Here is an interesting post. It's about pickles. Ever made anything with pickles? I've been a keen pickle, jam, sauce and chutney maker for many years. It's amazing what you can make from virtually anything. My best ever product is 15 fruits chutney. Man, it's to die for ... Just sayin'.
In case you didn’t know, we’re currently in the middle of International Pickle Week. Every year since 1948, in one of the longest-running food promotions in the country, 10 days in May have been earmarked to celebrate the popular snack. But pickles have been around a lot longer than that: Humans have been pickling and preserving food for nearly 5,000 years. In honor of International Pickle Week, we’re looking back at some of the key milestones in pickle history.
Pickling—preserving foods in vinegar, brine or a similar solution—is one of the oldest methods of food preservation. Though its exact origins are unknown, archaeologists believe that ancient Mesopotamians pickled food as far back as 2400 B.C., according to the New York Food Museum. Several centuries later, cucumbers native to India were being pickled in the Tigris Valley.
Queen Cleopatra of Egypt credited the pickles in her diet with contributing to her health and legendary beauty. Meanwhile, Cleopatra’s lover Julius Caesar and other Roman emperors gave pickles to their troops to eat in the belief that they would make them strong.
Dill, one of the most important herbs used in pickling cucumbers and other vegetables, arrived in Western Europe from its native Sumatra around A.D. 900, although ancient Greeks and Romans used it extensively centuries earlier.
During the Age of Exploration, many sailors on transoceanic voyages suffered from scurvy, a nasty but all-too common disease caused by a deficiency of Vitamin C. On his storied expedition to the New World, Christopher Columbus reportedly rationed pickles to his sailors, even going so far as to grow cucumbers in Haiti to restock for the rest of the trip. And that’s not all: Before he was an explorer, Amerigo Vespucci worked as a ship’s chandler in Seville, Spain—meaning he supplied ships with goods like preserved meat and vegetables. Known as the “Pickle-Dealer,” Vespucci even helped stock Columbus’ ships on his later, less successful voyages across the Atlantic.
By 1659, Dutch farmers in New York had begun growing cucumbers in the area that is now Brooklyn. Dealers bought the cucumbers, pickled them and sold them out of barrels on the street, beginning what would become the world’s largest pickle industry. Later waves of immigration to New York in the late 19th and early 20th centuries—including large numbers of Eastern European Jews, who introduced kosher dill pickles to America—would cement the city’s place at the center of the pickle world.
Napoleon Bonaparte had offered to pay 12,000 francs (the equivalent of today’s $250,000) to the person who could come up with the best way to pickle and preserve food for his troops. In 1809, French chef and confectioner Nicolas Appert, won the competition with a key insight: if he placed food in a bottle and removed all the air from the bottle before sealing it, he could boil the bottle and preserve its contents. Using glass containers sealed with cork and wax, Appert was able to preserve not only vegetables and fruits but jellies, syrups, soups and dairy products.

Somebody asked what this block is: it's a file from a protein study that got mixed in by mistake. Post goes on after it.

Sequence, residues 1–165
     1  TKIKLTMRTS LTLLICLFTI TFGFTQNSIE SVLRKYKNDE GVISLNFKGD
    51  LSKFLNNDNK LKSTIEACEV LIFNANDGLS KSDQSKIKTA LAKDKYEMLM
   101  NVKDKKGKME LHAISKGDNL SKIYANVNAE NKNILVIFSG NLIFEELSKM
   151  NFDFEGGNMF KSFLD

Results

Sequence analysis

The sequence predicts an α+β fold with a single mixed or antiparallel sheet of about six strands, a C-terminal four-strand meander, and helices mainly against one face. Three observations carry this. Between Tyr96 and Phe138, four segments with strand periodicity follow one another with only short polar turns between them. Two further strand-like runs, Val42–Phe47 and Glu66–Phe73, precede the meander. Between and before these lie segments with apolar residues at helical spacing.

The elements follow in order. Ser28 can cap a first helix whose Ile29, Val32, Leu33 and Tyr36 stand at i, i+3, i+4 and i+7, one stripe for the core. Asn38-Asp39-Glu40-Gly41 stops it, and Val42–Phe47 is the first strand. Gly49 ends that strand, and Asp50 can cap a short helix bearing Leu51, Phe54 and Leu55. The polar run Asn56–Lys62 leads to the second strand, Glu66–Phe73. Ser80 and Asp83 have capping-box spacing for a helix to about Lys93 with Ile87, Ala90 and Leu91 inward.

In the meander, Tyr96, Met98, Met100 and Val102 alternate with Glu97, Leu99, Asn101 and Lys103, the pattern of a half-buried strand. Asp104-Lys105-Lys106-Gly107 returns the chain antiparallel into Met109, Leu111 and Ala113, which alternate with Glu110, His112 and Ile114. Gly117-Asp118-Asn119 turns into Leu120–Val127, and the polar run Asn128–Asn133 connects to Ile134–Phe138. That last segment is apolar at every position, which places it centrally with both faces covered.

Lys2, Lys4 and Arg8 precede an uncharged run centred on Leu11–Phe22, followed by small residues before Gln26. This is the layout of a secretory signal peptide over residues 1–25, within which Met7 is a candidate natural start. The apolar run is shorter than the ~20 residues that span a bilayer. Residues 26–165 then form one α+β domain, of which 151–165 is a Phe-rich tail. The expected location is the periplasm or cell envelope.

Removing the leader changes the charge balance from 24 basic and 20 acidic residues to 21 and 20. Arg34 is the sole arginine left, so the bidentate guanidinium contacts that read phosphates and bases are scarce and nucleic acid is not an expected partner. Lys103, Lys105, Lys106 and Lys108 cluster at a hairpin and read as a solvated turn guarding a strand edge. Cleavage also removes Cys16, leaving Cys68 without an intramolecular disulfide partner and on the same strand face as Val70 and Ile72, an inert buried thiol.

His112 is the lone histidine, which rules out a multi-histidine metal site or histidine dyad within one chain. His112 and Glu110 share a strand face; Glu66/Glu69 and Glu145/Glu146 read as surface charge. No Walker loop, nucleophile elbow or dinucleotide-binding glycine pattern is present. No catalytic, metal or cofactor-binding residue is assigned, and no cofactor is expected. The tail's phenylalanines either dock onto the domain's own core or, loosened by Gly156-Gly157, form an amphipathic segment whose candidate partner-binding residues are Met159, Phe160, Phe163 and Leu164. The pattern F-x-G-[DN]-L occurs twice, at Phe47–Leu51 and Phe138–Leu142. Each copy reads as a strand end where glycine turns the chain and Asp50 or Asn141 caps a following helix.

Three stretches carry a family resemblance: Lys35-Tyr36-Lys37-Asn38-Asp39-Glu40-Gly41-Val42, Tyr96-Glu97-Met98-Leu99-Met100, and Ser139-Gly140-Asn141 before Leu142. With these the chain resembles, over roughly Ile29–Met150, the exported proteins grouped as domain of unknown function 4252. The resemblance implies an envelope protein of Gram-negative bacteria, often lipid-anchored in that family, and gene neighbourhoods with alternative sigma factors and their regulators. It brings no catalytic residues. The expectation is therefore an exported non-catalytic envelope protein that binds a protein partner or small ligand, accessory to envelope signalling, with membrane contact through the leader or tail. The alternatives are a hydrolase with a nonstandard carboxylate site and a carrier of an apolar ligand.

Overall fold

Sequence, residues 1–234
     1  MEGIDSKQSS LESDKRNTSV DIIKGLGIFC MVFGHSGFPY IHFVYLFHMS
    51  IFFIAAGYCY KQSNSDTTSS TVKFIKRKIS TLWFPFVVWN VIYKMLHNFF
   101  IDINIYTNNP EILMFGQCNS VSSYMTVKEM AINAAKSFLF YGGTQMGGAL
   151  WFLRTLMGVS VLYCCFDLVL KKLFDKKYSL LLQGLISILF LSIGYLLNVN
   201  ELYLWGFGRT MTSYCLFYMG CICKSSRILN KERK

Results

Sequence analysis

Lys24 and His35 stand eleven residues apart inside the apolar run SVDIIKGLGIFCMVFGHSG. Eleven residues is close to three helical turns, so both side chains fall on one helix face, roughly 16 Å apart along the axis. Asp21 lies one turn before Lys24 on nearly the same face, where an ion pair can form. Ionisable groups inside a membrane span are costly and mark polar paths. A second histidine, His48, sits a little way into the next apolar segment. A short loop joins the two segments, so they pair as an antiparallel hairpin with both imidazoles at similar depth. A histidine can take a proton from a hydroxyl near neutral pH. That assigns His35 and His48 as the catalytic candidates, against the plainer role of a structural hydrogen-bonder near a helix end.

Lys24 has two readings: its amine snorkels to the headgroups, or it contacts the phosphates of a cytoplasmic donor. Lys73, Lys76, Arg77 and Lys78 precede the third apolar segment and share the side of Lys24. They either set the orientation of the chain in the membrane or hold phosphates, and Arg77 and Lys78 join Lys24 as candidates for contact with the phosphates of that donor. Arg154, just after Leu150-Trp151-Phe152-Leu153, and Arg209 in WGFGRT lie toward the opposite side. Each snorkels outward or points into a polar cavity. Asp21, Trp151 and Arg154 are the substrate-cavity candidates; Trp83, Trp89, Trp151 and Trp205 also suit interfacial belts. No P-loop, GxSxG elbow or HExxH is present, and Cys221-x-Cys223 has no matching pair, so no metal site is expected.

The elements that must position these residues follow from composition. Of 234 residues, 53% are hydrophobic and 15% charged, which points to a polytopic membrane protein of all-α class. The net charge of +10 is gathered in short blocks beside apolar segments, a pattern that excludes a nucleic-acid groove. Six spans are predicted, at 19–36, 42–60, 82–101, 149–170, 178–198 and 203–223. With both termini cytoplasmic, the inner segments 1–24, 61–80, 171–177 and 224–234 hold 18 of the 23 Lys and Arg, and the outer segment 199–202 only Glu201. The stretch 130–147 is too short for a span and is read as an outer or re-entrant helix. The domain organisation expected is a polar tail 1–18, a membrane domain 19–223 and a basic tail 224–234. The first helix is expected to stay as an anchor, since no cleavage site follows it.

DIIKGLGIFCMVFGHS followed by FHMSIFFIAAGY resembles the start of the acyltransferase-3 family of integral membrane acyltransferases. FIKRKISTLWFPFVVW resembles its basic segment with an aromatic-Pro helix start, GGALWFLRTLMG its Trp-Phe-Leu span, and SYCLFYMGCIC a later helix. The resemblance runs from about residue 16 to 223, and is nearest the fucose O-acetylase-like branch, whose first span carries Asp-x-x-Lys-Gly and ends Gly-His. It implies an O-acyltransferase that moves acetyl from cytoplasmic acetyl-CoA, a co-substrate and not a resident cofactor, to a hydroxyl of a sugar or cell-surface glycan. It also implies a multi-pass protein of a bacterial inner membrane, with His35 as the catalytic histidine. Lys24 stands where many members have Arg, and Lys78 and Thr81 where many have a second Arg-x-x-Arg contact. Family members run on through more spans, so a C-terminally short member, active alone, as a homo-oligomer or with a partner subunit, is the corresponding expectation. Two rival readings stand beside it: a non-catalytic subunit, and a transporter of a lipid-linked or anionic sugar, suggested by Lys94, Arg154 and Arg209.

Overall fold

Early in the 1850s, the Scottish chemist James Young invented paraffin wax, which created a better seal in jars used to preserve food. Then in 1858, John Mason of Philadelphia patented the first Mason jar, made from a heavyweight glass that could withstand high temperatures during the canning process. Mason’s patent expired in 1879, but manufacturers of similar jars continued to use the Mason name.
At the 1893 Chicago World’s Fair, “Pickle King” H.J. Heinz dispatched a few local boys to tempt fairgoers with a “free gift” if they visited Heinz’s out-of-the-way booth and tasted his wares. By the end of the fair, Heinz had given out some 1 million “pickle pins,” launching one of the most successful marketing gambits in U.S. history. H.J. Heinz Company, Inc. repeated the pickle pin promotion at the World’s Fairs of 1896, 1898 and 1939. As reported by the Pittsburgh Post-Gazette, Heinz’s dark-green pickle pins continue in production in the 21st century, joined by spin-offs like the ketchup pin and the golden pickle pin.
During World War II, the U.S. government rationed pickles, and 40 percent of the nation’s production of pickles went to the armed forces. In 1948, the trade organization Pickle Packers International, founded in 1893, launched International Pickle Week.
After beating the Dallas Cowboys 41-14 on a day when temperatures reached 109˚ F, players from the Philadelphia Eagles famously credited their endurance to drinking pickle juice. A later study at Brigham Young University, backed these claims up with science, showing that knocking back pickle juice “relieved a cramp 45 percent faster” than drinking no fluids and about 37 percent faster than water, according to a summary of the study published in the New York Times.
Clancy's comment: I hope this post didn't get you into a pickle. Mm ... That sounded a bit dill.